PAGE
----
Second, my thought is that I want to show the beauty of the place I saw. Did I see all those foot prints in the sand, maybe, but the emotion I felt did not see them. I saw an incredible vista in front of me and I want the viewers of my photographs to feel and experience as much as I did. If that means that I spent the time to remove all the footprints, than that is what I am going to do.

We live in a time where we see the hand of man everywhere, we can go to very few places where we cant see it’s effects. I want people that see my landscape photography to be able to leave man’s footprint on the world and rejoice in what is incredible and beautiful all around us. 


This year I had the opportunity to teach two workshops in the Tetons/Yellowstone National Parks. Before I go any further, I want you to know that before teaching a workshop I arrive a few days early to check out the areas we will be photographing and to take a few personal shots for myself. In Teton National Park there is a row of barns called “Mormon Row” and this is where we took many of the students to photograph.

When I started going through all the photographs I looked at these barns and I discovered that I had a lot of photographs, but what I also discovered was how different all these images looked. I had images that I had light painted, shot with water in front, had bison in some, different angles and had one that was lit by moonlight only.

I have noticed that a lot of photographers will set up the tripod in one spot in order to get the iconic image that they have seen. These photographers are the “Checklist Photographers”, they have seen this image, and they have now taken the shot that everyone else has taken and are ready to move on to the next spot on their list. They now have that pretty photograph that they can show everyone where they’ve been and photographed, instead of exploring and looking for a different angle that people have not seen. This is not to say that I haven’t done this, because I have, but I have learned that you need to explore and look for new angles or different views so that you will come up with your own interpretation of the subject.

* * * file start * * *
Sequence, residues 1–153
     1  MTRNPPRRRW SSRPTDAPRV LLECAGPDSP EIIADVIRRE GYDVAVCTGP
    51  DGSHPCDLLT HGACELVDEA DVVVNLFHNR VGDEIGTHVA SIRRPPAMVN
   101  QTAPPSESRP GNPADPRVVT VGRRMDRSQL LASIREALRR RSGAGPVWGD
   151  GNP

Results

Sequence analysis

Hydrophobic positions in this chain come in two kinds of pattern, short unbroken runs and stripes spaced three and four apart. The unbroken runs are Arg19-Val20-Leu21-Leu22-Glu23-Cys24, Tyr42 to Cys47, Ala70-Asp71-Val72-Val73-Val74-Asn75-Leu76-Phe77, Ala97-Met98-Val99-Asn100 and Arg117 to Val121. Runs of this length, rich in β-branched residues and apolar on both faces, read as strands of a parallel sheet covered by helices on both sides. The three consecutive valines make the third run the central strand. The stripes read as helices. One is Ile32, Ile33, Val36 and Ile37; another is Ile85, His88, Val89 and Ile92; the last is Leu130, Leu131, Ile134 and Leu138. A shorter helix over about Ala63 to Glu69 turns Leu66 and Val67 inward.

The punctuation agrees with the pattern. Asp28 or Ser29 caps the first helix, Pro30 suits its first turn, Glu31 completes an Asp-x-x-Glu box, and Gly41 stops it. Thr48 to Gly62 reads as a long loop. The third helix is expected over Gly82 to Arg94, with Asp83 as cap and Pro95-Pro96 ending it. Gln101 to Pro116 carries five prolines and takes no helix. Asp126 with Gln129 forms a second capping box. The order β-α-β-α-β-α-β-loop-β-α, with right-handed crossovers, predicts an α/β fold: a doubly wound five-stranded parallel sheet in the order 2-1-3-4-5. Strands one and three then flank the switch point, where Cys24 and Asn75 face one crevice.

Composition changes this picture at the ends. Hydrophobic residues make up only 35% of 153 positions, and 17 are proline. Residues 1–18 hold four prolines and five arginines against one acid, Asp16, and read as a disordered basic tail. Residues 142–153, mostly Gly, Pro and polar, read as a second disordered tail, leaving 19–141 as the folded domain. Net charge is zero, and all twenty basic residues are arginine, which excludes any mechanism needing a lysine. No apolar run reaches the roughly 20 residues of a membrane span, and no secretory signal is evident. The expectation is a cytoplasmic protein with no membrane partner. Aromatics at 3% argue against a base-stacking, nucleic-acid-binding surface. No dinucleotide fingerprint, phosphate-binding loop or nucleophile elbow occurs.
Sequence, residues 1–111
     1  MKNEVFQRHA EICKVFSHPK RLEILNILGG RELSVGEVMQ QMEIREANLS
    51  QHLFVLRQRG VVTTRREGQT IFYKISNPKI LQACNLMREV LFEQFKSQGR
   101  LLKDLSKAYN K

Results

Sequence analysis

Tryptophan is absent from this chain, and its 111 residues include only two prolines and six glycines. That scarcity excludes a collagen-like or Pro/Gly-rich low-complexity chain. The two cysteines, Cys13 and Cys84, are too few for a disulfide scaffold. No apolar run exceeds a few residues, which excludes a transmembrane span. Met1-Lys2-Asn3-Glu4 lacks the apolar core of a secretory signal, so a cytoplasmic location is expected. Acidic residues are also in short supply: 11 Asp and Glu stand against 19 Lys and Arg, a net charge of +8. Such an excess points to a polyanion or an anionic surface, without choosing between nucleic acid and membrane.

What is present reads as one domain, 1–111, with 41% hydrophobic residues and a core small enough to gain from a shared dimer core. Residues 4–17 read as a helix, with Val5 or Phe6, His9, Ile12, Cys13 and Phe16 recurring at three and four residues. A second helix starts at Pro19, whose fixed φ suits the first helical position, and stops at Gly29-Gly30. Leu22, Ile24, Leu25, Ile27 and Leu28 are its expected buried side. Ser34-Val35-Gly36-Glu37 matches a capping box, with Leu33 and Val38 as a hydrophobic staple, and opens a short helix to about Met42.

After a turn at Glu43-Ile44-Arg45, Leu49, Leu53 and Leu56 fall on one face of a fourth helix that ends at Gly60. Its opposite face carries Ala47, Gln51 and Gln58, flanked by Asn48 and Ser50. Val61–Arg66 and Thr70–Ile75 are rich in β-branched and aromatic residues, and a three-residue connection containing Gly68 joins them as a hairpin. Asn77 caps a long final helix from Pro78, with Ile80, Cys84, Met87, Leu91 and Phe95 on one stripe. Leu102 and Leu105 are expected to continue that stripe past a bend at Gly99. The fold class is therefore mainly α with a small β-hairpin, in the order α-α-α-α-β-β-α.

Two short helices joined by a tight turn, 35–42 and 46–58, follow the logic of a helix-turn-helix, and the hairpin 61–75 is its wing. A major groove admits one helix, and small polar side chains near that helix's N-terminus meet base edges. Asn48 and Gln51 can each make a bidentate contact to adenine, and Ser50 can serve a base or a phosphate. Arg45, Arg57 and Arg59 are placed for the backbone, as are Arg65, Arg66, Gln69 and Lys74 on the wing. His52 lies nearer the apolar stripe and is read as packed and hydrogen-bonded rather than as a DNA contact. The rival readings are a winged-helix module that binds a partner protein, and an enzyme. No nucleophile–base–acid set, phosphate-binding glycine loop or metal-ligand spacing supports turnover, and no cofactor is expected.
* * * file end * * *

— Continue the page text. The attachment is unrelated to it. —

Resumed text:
I had the opportunity recently to photograph Mesa Arch in Canyonlands National Park and this image has done very well for me this year winning the first place in landscape photography at the Florida Professional Photographers convention. In the past few days as I have been clearing out a lot of old magazines and I have seen a lot of images of Mesa Arch that are all of that same iconic image. It is a very nice image, but the image I took by going off to the side and coming in at a very low angle has given a different view to something that has been photographed by tens of thousands of photographers.

My point here is that after you get your “checklist shot” pick up your tripod and move around, look at a low angle, try from a different spot that you haven’t seen anyone try before. Try to get the shot that no one else is taking, it may be bad, it may be great, but if you don’t try you will never know and you’ll really never grow as a photographer.

Here are a number of images from the two workshops of the Mormon barns: